Silicon as a Bioisostere for Carbon in Drug Design

In the pursuit of novel therapeutic agents, medicinal chemists often employ the concept of bioisosterism – the replacement of one atom or group in a molecule with another atom or group having similar physical or chemical properties. Silicon, due to its chemical similarity to carbon, has emerged as a fascinating bioisostere in drug design.

Silicon in Medicinal Chemistry

Silicon, located directly below carbon in the periodic table, shares many of its chemical properties but also offers distinct advantages as a bioisostere:

  1. Larger Atomic Radius: Silicon has a larger atomic radius than carbon, which can influence molecular shape and steric interactions.
  2. Increased Lipophilicity: Compounds with silicon may exhibit increased lipophilicity compared to their carbon analogs, potentially enhancing cell membrane permeability. See this case study for an illustration of this effect.
  3. Metabolic Stability: Silicon-containing compounds often show enhanced metabolic stability, which can be beneficial in extending the drug's effective half-life in the body.

Looking at a 3D model makes these differences obvious: the Si–C bonds in silafluofen are substantially longer than C–C bonds, which alters the shape of the molecule and the dihedral preferences of other bonds.

Applications of Silicon Bioisosteres

Silicon in Drug Candidates

Silicon has been used to replace carbon in various functional groups like alcohols, ketones, and amides. These modifications have resulted in compounds with altered pharmacokinetic and pharmacodynamic profiles, sometimes leading to improved therapeutic properties.

Case Studies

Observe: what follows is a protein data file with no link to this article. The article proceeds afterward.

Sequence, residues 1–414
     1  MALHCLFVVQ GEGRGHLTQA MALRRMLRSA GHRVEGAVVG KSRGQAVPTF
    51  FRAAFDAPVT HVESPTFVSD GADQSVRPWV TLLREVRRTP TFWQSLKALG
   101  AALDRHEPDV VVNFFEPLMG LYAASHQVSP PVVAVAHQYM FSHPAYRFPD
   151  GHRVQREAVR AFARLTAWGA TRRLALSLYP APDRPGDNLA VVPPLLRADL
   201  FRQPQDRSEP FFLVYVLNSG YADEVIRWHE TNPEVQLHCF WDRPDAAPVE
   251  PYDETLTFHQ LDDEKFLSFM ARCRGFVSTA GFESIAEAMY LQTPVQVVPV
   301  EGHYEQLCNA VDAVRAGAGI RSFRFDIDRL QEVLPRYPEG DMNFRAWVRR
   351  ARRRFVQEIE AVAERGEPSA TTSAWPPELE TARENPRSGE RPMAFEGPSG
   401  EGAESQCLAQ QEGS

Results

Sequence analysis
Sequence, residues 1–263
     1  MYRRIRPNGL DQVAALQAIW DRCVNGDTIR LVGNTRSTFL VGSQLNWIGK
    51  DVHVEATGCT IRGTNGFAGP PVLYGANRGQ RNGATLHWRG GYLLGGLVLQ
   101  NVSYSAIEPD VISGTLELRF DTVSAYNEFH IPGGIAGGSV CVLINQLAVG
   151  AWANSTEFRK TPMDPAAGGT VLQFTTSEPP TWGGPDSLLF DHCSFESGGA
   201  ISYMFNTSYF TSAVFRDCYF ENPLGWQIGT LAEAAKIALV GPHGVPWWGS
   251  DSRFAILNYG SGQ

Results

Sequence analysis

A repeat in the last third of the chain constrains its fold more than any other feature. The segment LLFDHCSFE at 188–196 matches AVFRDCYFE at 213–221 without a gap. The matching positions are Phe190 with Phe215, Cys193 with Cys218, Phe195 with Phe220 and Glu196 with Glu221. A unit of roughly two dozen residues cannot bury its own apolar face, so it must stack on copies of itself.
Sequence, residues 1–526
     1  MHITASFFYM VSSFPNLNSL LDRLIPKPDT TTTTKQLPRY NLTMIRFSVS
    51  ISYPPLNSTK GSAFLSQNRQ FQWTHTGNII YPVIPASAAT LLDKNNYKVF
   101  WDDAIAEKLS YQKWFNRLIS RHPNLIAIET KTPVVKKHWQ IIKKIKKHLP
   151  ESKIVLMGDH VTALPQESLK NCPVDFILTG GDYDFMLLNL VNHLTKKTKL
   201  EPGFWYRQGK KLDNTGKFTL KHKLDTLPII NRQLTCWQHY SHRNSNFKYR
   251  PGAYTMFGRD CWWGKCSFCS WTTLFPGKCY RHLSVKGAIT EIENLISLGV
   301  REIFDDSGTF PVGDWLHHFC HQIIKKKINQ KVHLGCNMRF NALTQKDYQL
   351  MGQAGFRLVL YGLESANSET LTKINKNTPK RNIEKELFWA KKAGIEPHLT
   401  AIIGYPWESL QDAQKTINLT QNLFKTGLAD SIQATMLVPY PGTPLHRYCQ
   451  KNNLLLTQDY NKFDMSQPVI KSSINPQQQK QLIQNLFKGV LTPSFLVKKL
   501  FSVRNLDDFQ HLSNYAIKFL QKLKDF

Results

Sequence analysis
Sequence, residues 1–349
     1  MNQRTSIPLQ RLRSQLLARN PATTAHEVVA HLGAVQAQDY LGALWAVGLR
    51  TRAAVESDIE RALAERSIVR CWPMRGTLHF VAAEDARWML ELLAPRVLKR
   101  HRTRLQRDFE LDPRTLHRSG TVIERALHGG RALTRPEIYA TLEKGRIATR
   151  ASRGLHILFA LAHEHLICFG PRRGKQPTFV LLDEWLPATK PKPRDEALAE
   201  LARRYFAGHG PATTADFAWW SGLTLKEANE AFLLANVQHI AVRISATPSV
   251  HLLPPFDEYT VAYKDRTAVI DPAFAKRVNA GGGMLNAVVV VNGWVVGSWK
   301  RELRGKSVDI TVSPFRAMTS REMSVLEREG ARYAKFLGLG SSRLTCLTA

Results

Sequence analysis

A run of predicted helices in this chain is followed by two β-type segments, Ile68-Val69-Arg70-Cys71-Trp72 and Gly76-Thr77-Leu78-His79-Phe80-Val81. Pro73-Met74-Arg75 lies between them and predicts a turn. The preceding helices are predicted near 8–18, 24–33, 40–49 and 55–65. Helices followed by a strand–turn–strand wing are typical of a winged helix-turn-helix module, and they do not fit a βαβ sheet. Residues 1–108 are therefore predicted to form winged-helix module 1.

Several studies have demonstrated the potential of silicon bioisosteres. For instance, replacing a carbon atom with silicon in certain compounds has resulted in increased potency, selectivity, and metabolic stability. Here's some case studies:

There are lots more papers out there: see for instance this recent review.

Challenges in Silicon Bioisosterism

Despite its potential, the use of silicon as a bioisostere presents challenges:

  1. Synthetic Difficulty: Introducing silicon into organic molecules can be more challenging than traditional carbon-based synthesis. Nevertheless, more and more Si-containing building blocks are now available: see, for instance, this list from Enamine.
  2. Predicting Biological Effects: The effects of silicon substitution on biological systems are not always predictable, necessitating extensive testing.

Computational Chemistry and Silicon Bioisosteres

Advanced computational tools are crucial in predicting the effects of silicon substitution in drug molecules. Quantum chemistry, accessible through platforms like Rowan, can provide insights into the electronic structure, reactivity, and conformational changes resulting from silicon substitution. This predictive power is invaluable in the early stages of drug design. Computational studies also aid in understanding how silicon substitution impacts a drug's metabolism, helping to predict its pharmacokinetic behavior.


The use of silicon as a bioisostere for carbon in drug design is an area of growing interest. While challenges remain, the potential for developing novel therapeutics with improved properties is significant. Continued research, aided by computational chemistry tools like those offered by Rowan, is essential for advancing our understanding and application of silicon bioisosteres in medicinal chemistry.

For researchers interested in exploring the innovative realm of silicon bioisosteres, Rowan provides the computational platform necessary for such advanced studies. Begin your journey in pioneering drug design by creating an account at